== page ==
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25th February 2022

Backlash after Russell group unis take £2.2 billion surplus

The pandemic has hit students hard and universities, so why are universities actually operating on a surplus?
Backlash after Russell group unis take £2.2 billion surplus

Russell group universities have faced criticism in recent days after the telegraph reported that between the 24 universities a surplus of £2.2 billion was held. During the pandemic these same universities were handed £115 million as part of the furlough scheme, brought in to help pay the wages of staff members. This has led to discontent from students who have already felt hard done by due to the handling of the pandemic by universities.

The increase in this income is in part due to the increase in students being accepted in to university after the fiasco of grade inflation of A-Level results, after students were given their grade based on a computer programme, leading to uproar. Students were then disproportionately achieving high A-Level grades, which led to a much higher acceptance rate at universities.

Recently the University of Manchester released its financial report which stated that in 2021, the university was operating at a surplus of £61 million.  This is higher than previous years, with £5 million surplus in 2019/20 and £50 million in 2018/2019.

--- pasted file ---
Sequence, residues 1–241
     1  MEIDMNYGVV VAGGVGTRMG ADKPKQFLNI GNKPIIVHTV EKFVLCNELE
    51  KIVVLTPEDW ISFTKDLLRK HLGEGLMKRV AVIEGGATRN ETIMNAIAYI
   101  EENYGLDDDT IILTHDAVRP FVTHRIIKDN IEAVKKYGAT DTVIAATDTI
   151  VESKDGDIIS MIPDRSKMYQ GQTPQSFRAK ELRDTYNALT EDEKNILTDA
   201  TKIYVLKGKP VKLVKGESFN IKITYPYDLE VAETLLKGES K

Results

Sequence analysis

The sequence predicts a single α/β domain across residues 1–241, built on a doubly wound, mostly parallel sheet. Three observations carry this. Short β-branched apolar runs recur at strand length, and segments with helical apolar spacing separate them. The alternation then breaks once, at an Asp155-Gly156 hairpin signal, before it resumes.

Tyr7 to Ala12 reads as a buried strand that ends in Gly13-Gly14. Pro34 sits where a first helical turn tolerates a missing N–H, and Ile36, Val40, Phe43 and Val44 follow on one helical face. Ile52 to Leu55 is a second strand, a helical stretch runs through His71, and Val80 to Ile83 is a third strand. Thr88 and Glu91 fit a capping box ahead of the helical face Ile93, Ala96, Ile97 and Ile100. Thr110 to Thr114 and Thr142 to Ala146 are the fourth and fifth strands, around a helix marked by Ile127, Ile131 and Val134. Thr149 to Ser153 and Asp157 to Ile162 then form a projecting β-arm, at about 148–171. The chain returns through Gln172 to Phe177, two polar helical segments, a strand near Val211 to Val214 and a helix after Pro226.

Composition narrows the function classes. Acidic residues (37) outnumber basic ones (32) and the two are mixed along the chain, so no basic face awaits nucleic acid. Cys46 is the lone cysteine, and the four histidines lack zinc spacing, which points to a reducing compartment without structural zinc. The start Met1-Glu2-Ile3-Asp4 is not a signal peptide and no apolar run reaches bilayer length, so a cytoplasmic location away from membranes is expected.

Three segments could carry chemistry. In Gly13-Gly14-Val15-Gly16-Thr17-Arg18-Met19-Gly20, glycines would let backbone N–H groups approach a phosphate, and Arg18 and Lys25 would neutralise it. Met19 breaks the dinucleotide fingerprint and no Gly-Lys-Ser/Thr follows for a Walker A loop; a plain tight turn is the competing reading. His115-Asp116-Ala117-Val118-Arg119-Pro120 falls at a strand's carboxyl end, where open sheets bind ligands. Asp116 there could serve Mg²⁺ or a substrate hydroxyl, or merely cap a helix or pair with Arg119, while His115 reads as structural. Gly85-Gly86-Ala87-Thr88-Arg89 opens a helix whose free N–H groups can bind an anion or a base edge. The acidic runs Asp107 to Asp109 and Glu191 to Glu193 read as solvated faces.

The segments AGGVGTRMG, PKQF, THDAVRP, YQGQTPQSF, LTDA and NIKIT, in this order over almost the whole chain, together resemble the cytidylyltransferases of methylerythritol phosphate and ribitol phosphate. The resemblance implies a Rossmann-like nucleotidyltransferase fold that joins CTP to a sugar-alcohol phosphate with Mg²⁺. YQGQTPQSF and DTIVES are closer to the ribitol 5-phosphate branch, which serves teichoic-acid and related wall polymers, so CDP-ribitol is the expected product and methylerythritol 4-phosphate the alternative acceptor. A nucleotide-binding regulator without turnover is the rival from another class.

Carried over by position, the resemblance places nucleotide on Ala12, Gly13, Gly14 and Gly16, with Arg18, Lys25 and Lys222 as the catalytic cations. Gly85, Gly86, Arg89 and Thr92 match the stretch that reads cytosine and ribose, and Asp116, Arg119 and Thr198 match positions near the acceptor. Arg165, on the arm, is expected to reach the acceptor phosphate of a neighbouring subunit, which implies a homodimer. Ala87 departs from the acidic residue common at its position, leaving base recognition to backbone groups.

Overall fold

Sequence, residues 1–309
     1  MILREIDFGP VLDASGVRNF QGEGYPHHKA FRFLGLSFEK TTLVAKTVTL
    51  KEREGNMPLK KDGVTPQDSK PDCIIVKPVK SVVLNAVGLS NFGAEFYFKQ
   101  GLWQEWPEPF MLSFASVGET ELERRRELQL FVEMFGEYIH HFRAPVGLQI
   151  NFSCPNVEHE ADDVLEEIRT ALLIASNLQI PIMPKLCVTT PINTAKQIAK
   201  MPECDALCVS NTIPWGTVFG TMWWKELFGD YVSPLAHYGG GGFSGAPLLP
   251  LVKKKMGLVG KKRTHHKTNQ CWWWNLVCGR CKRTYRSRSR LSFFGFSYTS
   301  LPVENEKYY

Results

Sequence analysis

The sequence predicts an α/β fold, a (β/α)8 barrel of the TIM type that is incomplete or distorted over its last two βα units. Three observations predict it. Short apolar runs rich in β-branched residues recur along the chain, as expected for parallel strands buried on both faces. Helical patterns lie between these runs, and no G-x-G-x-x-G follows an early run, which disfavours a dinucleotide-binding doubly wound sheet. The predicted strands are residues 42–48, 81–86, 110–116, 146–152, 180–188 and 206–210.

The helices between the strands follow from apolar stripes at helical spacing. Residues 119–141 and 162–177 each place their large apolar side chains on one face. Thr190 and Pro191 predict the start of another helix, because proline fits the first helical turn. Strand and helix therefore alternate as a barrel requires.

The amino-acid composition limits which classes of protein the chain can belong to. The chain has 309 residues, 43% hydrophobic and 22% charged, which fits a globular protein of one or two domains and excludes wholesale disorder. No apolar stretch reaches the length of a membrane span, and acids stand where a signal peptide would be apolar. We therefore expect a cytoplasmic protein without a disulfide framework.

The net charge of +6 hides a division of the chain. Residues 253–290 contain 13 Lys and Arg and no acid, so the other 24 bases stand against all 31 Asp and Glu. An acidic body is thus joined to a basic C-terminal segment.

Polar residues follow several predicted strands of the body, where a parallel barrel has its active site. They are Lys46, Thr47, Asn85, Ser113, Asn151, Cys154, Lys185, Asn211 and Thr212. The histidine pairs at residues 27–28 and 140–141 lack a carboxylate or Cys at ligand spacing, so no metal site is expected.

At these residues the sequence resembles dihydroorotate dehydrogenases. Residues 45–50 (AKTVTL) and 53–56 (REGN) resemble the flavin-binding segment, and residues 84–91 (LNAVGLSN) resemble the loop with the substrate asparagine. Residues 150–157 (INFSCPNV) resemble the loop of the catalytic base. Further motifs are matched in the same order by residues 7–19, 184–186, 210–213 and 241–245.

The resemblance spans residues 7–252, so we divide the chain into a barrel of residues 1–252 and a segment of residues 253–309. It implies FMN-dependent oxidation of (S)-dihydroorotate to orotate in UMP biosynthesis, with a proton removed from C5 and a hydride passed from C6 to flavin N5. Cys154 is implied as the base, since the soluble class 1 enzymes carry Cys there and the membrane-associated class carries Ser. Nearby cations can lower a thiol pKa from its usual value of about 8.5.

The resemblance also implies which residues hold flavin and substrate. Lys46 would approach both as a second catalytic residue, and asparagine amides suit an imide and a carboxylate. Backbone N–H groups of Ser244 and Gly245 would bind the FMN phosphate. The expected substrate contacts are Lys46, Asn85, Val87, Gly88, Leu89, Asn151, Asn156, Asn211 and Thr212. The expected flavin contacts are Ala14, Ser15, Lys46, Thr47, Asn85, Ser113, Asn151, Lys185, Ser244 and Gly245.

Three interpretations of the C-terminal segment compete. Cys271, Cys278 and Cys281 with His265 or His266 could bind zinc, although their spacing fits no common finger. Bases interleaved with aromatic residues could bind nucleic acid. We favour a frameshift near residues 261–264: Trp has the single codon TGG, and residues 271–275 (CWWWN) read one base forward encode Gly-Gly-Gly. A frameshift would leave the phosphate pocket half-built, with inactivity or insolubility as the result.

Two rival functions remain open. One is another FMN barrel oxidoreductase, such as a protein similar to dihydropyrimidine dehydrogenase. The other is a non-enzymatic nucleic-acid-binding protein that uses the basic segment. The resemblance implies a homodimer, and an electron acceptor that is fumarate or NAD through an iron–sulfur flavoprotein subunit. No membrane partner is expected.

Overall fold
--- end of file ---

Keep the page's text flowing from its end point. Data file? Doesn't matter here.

When asked about its operating surplus, a University of Manchester spokesperson outlined the nature of this surplus operating cost. They made the point that “Whilst it had improved from the previous year, it is only 5.6% of our income. We need to be able to generate at least 10% operating cash surplus in order to invest in the future of our students.”

They point to a section on financial sustainability in their report which states: “Due to the current funding environment, the rising costs we face and the growing demands on us as a successful teaching and research-intensive institution, we need to generate a surplus of about 10% of income each year to meet growing demands and deliver on our ambitions.”

Explaining what this meant in terms of surplus they stated: “Essentially our surplus reflected the fact that student recruitment had improved for 2020/21 but also that, in response to the pandemic, we had implemented very strict cost controls such that a lot of expenditure was halted or was deferred into subsequent years.”

On the furlough scheme, the spokesperson expanded by stating that the university received £3.7 million in the academic year which ended 31 July 2021, and £9.7 million in the previous year in the Coronavirus job retention scheme.


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